A relationship at any level is only as good as it is in the present. Take a relationship one-day at a time, and it may surprise you by lasting through decades. The secret, as a friend once told me is to learn not to expect. I did this for you, what will you do for me, makes any relationship in to a barter and while bargaining is great at the bargain basement, it is best kept out of a relationship if it needs to be kept alive.We can transform an ordinary relationship into a partnership that does not end up bitterly or stagnate.
I have asked hundreds of people over the years to list all their important possessions, from top to bottom, and they all invariably come up with similar lists. They all mention t6he house, car or other material Then I tell them that they have overlooked the number one valuable commodity in their life. They usually look at me with a blank stare, because the majority of us do not even think of personal relationships as something to be owned.
One such woman told me "my husband is a good father and a provider and easy-going. I married him when I was a teenager and by the late 20s I already had two children. I wanted to be more than a housewife. I wanted to study art and my husband thought that it was one of my other mad-cap ideas. I felt resentful as I was betraying my self and my husband just didn’t understand me. He did not even try. At a deeper level, my spirits felt suffocated. It seemed as if life was being sucked out of me. Outside, I would be fine but as soon as I walked in the house, I felt oppressed. I was beginning to feel uncomfortable in my own skin. I thought of walking out and I did even though I knew I would get flak from all corners. In hindsight, leaving my husband wasn’t about finding a better man. It was a commitment to myself."
Psychologists believe that men tend to seek excitement in their relationship, while women seek commitment. But this particular woman put her own needs first and had the ability to walk away.
However, some other women refuse to disregard their own needs to nurture the relationship or family unit. They concentrate on what the relationship can give them, rather than focussing on what they can put in.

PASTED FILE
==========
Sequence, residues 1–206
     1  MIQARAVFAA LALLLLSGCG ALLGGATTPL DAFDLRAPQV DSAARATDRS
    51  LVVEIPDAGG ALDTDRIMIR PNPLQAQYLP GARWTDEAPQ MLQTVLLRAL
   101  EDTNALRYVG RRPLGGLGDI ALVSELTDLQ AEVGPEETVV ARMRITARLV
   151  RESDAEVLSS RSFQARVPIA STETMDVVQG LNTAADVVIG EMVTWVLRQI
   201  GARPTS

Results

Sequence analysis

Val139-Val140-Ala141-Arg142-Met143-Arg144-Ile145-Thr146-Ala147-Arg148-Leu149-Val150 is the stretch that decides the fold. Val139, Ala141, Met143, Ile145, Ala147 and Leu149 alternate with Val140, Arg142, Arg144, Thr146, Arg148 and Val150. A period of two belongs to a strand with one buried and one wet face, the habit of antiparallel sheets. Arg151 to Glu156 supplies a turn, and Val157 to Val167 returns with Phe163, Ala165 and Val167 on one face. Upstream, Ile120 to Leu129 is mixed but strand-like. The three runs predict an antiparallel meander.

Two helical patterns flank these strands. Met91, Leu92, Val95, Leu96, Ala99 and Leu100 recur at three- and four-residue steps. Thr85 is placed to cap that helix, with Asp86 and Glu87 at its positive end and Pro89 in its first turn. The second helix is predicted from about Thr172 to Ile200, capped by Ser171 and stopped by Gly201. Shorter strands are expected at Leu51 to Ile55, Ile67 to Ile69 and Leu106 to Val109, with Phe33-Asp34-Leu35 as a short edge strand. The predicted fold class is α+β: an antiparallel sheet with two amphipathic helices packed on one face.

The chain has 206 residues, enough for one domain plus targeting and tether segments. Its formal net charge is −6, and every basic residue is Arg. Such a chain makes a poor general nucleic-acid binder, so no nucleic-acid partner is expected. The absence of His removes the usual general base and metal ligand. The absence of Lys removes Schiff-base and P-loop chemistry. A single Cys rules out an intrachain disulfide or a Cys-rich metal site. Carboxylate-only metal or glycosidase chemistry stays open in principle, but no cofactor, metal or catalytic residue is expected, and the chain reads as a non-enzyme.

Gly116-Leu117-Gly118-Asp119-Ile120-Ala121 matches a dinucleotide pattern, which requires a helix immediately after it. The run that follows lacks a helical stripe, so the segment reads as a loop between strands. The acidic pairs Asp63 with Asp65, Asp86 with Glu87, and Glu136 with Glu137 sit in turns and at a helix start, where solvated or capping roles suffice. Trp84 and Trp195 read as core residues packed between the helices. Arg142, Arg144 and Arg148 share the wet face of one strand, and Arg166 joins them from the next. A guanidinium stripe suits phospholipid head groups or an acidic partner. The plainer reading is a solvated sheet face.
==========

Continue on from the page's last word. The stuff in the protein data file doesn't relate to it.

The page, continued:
If they appear to gamble with their children’s happiness, it is because they believe that children also suffer in loveless marriages. These women are extremely brave and emotionally ambitious. They will only stay in the relationship if it is really right for them in every sense. So, many people only stay in relationships because they are more afraid of being single. For women who do make the break, the plus side is that there is also the potential of exploring a fuller, richer life. Of course this could be seen as self-centered but at least they are taking responsibility for their own happiness.
Ironically, or not, but we are all sympathetic to a woman who leaves an abusive, aggressive or uncaring man. What happens when a woman leaves her faithful and kind husband, simply because the relationship is not fulfilling enough? Is the quest for personal satisfaction good enough reason or should the responsibility of marriage and children take first priority?
Most psychologists feel that the women who walk out of this arrangement have quite a masculine attitude/outlook. In a secure relationship they will precisely show the same boredom and restlessness that men often complain about. When a marriage is truly intolerable, it must end in a divorce but if it is anything like the case I have mentioned, then on the surface the story reads as though there was not enough commitment in the relationship to give them and their partners the strength to work through their difficulties.
I remember once asking a
client what she needed from her husband. She took a deep breath and